Epilepsy with myoclonic-astatic seizures has a variable course and outcome. Spontaneous remission with normal development has been observed in a few untreated cases. Complete seizure control can be achieved in about half of the cases with antiepileptic drug treatment (Doose and Baier 1987b; Dulac et al. 1990). In the remainder of cases, the level of intelligence deteriorates and the children become severely intellectually disabled.[citation needed] Other neurologic abnormalities such as ataxia, poor motor function, dysarthria, and poor language development may emerge (Doose 1992b). However, this proportion may not be representative because in this series the data were collected in an institution for children with severe epilepsy.

The outcome is unfavorable if generalized tonic-clonic, tonic, or clonic seizures appear at the onset or occur frequently during the course. Generalized tonic-clonic seizures usually occur during the daytime in this disorder, at least in the early stages. Nocturnal generalized tonic-clonic seizures, which may develop later, are another unfavorable sign.[citation needed] If tonic seizures appear, prognosis is poor.

Status epilepticus with myoclonic, astatic, myoclonic-astatic, or absence seizures is another ominous sign, especially when prolonged or appearing early.

Failure to suppress the EEG abnormalities (4- to 7-Hz rhythms and spike-wave discharges) during therapy and absence of occipital alpha-rhythm with therapy also suggest a poor prognosis (Doose 1992a).[2]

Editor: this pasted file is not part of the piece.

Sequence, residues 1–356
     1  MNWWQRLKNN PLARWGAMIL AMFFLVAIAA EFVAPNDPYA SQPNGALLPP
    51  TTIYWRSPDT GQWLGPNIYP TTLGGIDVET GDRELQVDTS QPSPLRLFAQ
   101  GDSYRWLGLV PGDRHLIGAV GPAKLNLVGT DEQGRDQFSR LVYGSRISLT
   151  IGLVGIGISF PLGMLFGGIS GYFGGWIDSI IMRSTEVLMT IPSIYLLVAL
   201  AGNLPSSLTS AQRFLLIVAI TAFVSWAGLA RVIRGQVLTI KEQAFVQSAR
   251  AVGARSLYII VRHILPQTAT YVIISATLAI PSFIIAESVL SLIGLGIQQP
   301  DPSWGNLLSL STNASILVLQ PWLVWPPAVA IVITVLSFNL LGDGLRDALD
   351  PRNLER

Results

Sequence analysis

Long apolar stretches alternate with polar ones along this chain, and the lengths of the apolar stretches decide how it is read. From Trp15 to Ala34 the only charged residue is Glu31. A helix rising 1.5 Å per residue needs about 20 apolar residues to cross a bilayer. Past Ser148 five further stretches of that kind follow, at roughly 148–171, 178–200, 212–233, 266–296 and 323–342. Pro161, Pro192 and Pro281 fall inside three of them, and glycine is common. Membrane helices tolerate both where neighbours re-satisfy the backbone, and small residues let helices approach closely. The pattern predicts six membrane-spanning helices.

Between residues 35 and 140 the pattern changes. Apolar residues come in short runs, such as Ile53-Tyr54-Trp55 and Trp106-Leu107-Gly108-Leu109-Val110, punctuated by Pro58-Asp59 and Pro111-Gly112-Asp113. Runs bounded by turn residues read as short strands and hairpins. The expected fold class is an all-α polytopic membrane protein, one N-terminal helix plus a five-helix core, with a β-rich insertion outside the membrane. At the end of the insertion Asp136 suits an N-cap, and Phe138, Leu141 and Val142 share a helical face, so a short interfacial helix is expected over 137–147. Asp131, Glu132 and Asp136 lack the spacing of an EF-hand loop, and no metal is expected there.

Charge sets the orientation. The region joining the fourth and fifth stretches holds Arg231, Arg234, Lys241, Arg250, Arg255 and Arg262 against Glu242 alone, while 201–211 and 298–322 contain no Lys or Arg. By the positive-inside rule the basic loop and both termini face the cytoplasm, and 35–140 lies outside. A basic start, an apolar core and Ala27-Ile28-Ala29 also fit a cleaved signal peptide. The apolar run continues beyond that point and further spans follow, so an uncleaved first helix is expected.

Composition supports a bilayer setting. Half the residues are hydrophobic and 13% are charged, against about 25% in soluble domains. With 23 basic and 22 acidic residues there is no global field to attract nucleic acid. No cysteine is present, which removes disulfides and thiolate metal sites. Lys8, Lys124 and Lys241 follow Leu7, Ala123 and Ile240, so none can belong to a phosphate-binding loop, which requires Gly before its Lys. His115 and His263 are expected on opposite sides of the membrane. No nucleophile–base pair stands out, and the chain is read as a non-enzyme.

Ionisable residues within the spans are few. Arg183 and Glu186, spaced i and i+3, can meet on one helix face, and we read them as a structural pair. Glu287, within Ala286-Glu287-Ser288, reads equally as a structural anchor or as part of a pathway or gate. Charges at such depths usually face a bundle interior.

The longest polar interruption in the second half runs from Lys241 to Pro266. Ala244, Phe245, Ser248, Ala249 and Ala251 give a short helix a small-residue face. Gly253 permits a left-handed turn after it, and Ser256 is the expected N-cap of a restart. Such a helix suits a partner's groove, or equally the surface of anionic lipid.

Myoclonic-astatic epilepsy was first described and identified in 1970 by Hermann Doose as an epilepsy syndrome, hence its original label, Doose syndrome.[5][6] 1989, it was classified as a symptomatic generalized epilepsy by the International League Against Epilepsy (ILAE).[5]

See also


  1. RESERVED, INSERM US14-- ALL RIGHTS. "Orphanet: Myoclonic astatic epilepsy". Archived from the original on 2022-06-22. Retrieved 2022-08-14.
  2. 2.0 2.1 "Archive copy". Archived from the original on 2011-07-18. Retrieved 2022-08-14.{{cite web}}: CS1 maint: archived copy as title (link)
  3. RESERVED, INSERM US14-- ALL RIGHTS. "Orphanet: Myoclonic astatic epilepsy". Archived from the original on 22 June 2022. Retrieved 29 September 2022.
  4. "Low Glycemic Index Treatment (LGIT) | Comprehensive Epilepsy Center | NYU Medical Center, New York, NY". Archived from the original on 2008-04-16.
  5. 5.0 5.1 Kelley, Sarah A; Kossof, Eric H (November 2010). "Doose syndrome (myoclonic-astatic epilepsy): 40 years of progress". Developmental Medicine & Child Neurology. 52 (11): 988–993. doi:10.1111/j.1469-8749.2010.03744.x. PMID 20722665. S2CID 15674178.
  6. Delgado-Escueta, Antonio V. (2005). Myoclonic Epilepsies. Lippincott Williams & Wilkins. p. 147. ISBN 9780781752480. Archived from the original on 2022-09-30. Retrieved 2022-08-14.

External links

External resources